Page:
A senior medic has said he “fears for patients and staff” as parts of the UK look set to experience record temperatures.
Dr Nick Scriven, president of the Society for Acute Medicine, said staff were “struggling” as “few lessons had been learned” from last year’s heatwaves.
There were more than 800 excess deaths during summer 2018, when Dr Scriven also joined the Royal College of Nursing in raising concerns of temperatures on wards above 30C.
“It is safe to say no lessons have been learned from last year and few, if any, hospitals are prepared for the impact of such intense heat, making the lives of staff miserable and putting patients at risk,” he said.
“This is related not only to the direct effects of extremely hot weather but also in that overheated and exhausted staff are at risk of making errors they wouldn’t make under normal circumstances.
“With today’s forecast of potentially unprecedented temperatures of up to 39C in some parts of the UK, I fear for patients and staff alike.”
Dr Scriven warned hospitals were already seeing the highest levels of July activity which will “further stress the system”.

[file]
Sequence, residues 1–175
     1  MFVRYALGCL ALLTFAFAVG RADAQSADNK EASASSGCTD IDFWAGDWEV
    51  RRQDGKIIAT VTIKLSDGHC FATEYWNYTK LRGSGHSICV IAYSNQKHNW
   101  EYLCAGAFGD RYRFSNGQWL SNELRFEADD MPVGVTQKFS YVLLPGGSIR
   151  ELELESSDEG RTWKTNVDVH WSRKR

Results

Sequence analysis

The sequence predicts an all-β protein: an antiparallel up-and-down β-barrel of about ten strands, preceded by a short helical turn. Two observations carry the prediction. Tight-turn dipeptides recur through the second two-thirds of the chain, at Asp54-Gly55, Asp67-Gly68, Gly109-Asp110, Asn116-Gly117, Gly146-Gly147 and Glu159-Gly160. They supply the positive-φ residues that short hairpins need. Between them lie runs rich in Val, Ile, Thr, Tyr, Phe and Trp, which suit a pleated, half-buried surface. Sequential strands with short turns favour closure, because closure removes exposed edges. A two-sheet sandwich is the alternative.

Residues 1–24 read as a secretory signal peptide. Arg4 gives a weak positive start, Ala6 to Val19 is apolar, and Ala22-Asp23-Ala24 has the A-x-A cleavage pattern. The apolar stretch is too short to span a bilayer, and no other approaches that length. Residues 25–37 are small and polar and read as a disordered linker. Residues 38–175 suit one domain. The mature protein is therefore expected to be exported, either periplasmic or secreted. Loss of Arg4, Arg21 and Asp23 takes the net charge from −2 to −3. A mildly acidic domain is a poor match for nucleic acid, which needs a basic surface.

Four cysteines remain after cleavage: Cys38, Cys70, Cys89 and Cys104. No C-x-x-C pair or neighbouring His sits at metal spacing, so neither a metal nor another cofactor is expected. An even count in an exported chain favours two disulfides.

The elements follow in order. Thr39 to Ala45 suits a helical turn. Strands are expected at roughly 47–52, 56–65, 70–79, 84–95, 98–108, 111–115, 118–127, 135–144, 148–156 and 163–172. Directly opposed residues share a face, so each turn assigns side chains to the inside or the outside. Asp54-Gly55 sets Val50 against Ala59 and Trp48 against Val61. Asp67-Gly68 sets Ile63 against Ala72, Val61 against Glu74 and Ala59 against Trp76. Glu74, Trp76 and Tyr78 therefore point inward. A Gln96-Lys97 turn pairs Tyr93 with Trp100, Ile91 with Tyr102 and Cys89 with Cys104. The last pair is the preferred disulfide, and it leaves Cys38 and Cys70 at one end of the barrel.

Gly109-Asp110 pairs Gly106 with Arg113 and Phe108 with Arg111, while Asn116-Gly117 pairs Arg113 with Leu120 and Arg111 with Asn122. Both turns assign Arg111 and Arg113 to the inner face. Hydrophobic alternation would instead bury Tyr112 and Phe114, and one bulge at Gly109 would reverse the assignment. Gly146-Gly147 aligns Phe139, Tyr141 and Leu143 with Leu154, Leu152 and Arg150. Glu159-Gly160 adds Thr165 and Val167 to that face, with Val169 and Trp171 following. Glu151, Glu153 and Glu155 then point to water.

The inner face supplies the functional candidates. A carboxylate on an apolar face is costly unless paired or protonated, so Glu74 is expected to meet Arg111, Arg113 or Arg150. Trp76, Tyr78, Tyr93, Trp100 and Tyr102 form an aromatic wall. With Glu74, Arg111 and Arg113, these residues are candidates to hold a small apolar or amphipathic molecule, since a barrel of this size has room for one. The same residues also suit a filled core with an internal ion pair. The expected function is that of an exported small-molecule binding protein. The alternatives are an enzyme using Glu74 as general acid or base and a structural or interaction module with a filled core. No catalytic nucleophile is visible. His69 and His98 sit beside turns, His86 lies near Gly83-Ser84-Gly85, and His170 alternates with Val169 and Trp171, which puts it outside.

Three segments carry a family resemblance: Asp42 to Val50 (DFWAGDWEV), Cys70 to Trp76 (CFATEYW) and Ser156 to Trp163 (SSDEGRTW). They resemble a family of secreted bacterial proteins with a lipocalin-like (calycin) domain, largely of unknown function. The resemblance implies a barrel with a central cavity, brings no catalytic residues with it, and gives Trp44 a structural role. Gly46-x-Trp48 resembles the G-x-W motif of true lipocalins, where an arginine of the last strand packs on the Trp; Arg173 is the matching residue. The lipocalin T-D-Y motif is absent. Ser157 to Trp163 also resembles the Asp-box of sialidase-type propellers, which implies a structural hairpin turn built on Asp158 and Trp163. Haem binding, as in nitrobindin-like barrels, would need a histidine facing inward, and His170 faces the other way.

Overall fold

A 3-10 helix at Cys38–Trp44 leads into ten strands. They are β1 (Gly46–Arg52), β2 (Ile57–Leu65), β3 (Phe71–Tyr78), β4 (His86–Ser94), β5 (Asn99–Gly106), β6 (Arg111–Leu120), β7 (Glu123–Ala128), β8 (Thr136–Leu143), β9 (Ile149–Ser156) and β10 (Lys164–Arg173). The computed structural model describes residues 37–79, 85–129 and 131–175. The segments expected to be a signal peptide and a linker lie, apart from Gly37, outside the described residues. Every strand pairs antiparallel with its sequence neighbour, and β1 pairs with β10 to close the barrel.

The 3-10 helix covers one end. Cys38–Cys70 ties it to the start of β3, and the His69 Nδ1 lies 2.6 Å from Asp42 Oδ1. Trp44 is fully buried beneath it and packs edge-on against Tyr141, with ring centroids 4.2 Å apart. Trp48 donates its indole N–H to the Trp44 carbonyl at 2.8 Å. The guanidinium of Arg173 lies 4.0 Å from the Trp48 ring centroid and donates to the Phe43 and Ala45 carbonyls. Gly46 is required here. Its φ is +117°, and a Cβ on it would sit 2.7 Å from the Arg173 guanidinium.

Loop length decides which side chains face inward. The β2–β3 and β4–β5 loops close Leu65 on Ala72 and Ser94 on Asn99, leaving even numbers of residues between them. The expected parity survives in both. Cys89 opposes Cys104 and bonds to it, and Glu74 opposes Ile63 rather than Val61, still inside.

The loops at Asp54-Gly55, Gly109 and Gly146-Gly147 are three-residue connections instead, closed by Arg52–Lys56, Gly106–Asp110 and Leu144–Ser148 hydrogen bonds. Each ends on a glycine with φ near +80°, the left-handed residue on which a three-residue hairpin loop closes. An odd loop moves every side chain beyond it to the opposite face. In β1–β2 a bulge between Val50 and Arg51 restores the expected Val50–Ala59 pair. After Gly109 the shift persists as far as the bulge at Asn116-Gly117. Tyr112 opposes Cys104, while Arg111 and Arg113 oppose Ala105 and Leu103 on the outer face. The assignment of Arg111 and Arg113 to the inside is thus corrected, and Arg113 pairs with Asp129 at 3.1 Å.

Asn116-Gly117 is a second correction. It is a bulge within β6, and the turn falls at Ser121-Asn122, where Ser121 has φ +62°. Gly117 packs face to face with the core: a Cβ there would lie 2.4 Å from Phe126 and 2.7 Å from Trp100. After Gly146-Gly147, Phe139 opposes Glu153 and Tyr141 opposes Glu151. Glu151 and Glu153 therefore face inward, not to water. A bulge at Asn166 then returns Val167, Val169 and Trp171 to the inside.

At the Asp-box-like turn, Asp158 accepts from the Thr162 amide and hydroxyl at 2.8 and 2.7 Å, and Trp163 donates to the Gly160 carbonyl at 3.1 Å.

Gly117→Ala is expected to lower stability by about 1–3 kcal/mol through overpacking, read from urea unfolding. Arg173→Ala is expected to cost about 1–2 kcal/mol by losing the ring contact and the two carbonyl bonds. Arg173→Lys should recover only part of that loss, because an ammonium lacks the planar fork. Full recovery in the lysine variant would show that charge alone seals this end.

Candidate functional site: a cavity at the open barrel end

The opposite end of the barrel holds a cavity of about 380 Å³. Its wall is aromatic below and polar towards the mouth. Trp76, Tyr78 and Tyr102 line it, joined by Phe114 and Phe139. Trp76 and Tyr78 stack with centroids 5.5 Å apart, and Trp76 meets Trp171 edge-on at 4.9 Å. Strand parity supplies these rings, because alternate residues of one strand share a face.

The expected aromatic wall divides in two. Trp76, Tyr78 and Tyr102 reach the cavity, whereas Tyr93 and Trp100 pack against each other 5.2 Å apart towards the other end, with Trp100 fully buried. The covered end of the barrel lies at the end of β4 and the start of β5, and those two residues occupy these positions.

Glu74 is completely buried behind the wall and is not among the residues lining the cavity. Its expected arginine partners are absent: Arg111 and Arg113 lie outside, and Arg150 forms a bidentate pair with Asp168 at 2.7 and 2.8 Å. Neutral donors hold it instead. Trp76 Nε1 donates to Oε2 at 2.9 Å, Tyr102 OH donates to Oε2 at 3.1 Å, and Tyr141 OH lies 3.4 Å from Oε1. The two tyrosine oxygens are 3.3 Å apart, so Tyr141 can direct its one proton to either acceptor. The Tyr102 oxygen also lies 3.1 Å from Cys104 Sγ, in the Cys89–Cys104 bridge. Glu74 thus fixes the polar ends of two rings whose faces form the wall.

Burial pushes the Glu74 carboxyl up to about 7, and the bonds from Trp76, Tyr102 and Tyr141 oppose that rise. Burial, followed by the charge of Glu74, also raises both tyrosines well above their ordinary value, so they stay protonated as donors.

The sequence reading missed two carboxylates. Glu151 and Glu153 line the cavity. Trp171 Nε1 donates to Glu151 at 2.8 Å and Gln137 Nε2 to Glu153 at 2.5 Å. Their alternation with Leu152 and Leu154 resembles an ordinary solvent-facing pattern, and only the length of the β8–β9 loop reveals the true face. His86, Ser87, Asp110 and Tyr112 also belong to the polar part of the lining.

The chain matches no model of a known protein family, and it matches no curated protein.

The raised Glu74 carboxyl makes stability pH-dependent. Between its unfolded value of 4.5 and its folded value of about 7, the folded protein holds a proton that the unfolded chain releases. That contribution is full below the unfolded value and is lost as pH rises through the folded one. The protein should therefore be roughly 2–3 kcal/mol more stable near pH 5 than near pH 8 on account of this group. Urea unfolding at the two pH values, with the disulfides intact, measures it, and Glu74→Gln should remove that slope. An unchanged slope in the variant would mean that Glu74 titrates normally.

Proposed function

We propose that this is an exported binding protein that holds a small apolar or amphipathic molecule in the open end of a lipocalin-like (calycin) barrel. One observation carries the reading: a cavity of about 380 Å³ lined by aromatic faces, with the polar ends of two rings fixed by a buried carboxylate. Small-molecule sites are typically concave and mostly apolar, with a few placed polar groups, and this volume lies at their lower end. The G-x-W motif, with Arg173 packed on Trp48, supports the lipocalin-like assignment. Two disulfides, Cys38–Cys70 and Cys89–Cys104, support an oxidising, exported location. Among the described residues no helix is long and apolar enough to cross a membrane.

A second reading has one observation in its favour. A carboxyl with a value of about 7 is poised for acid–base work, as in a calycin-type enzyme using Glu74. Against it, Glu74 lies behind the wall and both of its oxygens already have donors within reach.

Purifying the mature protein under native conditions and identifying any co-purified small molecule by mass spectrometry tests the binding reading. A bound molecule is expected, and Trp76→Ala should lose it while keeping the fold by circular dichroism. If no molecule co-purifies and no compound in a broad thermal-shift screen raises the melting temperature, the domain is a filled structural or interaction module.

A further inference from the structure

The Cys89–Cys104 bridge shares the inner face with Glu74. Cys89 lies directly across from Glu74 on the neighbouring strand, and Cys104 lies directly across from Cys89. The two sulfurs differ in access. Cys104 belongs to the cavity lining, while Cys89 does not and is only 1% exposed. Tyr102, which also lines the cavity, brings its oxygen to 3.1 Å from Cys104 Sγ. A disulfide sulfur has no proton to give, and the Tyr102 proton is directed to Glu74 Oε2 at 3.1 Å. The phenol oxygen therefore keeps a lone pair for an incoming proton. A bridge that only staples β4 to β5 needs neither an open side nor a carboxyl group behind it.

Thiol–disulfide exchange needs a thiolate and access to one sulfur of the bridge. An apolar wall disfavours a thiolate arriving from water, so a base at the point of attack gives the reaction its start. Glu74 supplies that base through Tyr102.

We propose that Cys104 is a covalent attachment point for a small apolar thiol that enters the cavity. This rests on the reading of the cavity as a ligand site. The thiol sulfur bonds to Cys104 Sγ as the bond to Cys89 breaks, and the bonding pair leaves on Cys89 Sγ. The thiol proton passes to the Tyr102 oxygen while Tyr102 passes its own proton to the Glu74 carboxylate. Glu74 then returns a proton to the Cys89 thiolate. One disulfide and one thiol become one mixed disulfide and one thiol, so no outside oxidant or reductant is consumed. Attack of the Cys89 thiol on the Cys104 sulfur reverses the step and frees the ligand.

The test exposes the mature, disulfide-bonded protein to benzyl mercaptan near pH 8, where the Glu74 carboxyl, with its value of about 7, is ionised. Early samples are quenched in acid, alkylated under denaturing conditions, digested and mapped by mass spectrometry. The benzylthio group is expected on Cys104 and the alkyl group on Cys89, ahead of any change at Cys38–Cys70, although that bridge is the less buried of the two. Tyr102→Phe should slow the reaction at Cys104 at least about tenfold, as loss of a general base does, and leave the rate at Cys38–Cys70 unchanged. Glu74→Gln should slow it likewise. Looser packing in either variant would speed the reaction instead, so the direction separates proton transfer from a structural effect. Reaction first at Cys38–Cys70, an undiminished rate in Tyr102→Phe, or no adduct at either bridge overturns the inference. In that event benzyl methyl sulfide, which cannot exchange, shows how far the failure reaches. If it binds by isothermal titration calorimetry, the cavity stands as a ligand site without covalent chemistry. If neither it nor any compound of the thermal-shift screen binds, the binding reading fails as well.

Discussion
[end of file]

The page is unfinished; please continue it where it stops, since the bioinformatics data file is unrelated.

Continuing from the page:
“We are already seeing the highest levels of July activity on record – as high or higher than we would see in winter – and, again, the warnings were there last year,” he explained.
“The problem is that the drum has been banged – particularly by SAM – for some time now on both our winter and summer problems in the NHS, yet there has been very little in terms of action to address issues on the frontline.
“These excruciating temperatures have really magnified the dangers of providing care with understaffed teams in ageing buildings which are designed primarily to keep the heat in and patients warm during winters.”
Dr Scriven said he welcomed new prime minister Boris Johnson’s pledge to upgrade hospitals and tackle the crisis in social care provision but “won’t hold my breath”.
“While it is welcome to see Mr Johnson recognise two of the very issues relevant to both summer and winter pressures on the NHS, this is a man who has also promised to deliver Brexit by 31 October,” he said.
“I won’t hold my breath but any statement of intent to address some of the difficulties we continue to face is positive.”
He added: “Given the prime minister’s decision to keep Matt Hancock in post at the Department of Health and Social Care, we hope very much the secretary of state will now engage with us in trying to improve matters all year round.”